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Spare a Rose, Save a Life

Every February, the Spare a Rose campaign raises funds to provide insulin and other diabetes supplies to people with diabetes in under-resourced countries. Spread the word today to make a difference.

This Valentine's Day marks another chapter for Spare a Rose, a global volunteer-led effort launched by members of the Diabetes Online Community.

If this is your first time hearing about Spare a Rose, here's how it works. For Valentine’s Day, send your loved one 11 roses instead of 12 and donate the value of one less rose (around $5) to Spare a Rose. 

Donations go directly to Insulin for Life Global (IFL), a charity that provides lifesaving diabetes medication like insulin to people living in underserved countries. It really is as easy as that, and the impact of every single donation is huge.

Every cent raised by Spare a Rose goes to Insulin for Life Global

Along with medication, IFL donations from Spare a Rose are used to provide diabetes education, advocacy, and supplies to people in need.

When Spare a Rose originally launched in 2013, donations went towards Life for a Child, a non-profit organization that supplies insulin and other diabetes care supplies to children with type 1 diabetes in under-resourced countries.

With almost $400,000 raised since the campaign's inception, the founders of Spare a Rose decided to expand their fundraising efforts to help adults and children living with type 1 diabetes. In 2022, Spare a Rose, Save a Child became Spare a Rose, Save a Life, with all proceeds going to IFL. 

“Spare a Rose is a beautiful way to make an impact in the lives of those who are not as fortunate as we are. It’s such a no-brainer: plus, you can set up a recurring monthly donation, so your ability to make an impact can also adjust to your budget,” said Manny Hernandez, who was diagnosed with LADA in 2002.

Along with Adam Brown, Kelly Close, Bennet Dunlap, Jeff Hitchcock, Scott Johnson, and Kerri Sparling, Hernandez was part of the original crew that came up with the Spare a Rose campaign.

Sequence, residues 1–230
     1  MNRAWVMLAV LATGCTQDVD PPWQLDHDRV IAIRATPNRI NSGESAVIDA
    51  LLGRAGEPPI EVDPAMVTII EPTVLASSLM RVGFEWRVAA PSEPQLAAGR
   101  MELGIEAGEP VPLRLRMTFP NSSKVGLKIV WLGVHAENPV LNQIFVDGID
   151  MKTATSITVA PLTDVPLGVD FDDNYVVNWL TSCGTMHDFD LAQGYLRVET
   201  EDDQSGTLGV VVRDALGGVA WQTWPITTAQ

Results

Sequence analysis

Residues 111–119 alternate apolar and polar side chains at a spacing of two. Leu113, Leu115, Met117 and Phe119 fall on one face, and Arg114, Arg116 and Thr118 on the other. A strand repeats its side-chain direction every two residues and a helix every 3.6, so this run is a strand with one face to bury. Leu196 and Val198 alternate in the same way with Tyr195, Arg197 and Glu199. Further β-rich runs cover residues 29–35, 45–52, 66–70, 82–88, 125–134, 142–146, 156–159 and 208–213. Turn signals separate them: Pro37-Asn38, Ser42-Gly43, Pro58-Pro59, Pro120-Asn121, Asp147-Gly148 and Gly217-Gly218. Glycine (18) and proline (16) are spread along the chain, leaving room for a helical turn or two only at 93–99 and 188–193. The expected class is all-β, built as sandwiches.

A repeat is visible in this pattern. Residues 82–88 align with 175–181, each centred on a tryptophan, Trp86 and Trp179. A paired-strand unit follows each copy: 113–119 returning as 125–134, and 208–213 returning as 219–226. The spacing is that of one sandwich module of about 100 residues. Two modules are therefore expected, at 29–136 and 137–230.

That said, no one person “owns” this campaign, which makes it all the more powerful. The entire diabetes community plays a role and stakes a claim in its success, making every voice matter and every donation more poignant.

What can you do?

  • If you can donate, please do. The beauty of Spare a Rose is that even very small donations make a huge difference. Just $5 provides a whole month of insulin.

  • Tell people about Spare a Rose. While the campaign really peaks on Valentine’s Day, the whole month of February is a great time to talk it up.

  • Chat with your employer. Some companies offer donation matching, which means that for every staff contribution, the organization donates the same amount.

  • Host a coffee or tea gathering, lemonade stand, bake sale, or another event where people can donate to Spare a Rose. 

  • Social media drives Spare a Rose. The campaign lives on Facebook, Twitter, Instagram, and any other social media platform where people with diabetes gather. Use it for good and share the link for donation, as well as details about how people’s donations help. 

The diabetes community at its very best

The diabetes community is an amazing source of peer support for people living with diabetes. Spare a Rose shows just how committed the community is to supporting others living with the condition.

This is a diabetes community campaign – owned by every person living with and affected by diabetes – and that is one of the real strengths of this initiative. It's also a chance to aid people with diabetes living in low-income countries or places facing humanitarian crises where access to lifesaving supplies is limited.

Everyone can contribute, and every single contribution is important. No donation is too small. While Insulin for Life receives all funds raised during the month-long Spare a Rose campaign, it is the diabetes community that sustains the activity, encouraging donations and support from people affected by diabetes.

“If you are reading this, you are probably one of the lucky ones. We have access to the lifesaving supplies we need to manage our diabetes, and the only thing we have to worry about is keeping up with the big D, not wondering about day-to-day survival. For way too many, access to insulin is a life-threatening and daily struggle that we need to change,” said John Sjolund, CEO of Luna Diabetes who also lives with type 1.

Over the last 11 years since Spare a Rose began, there's proof that when the diabetes community comes together, great things can be achieved. Spread the word. Spare a rose. Make a difference in the life of someone with diabetes.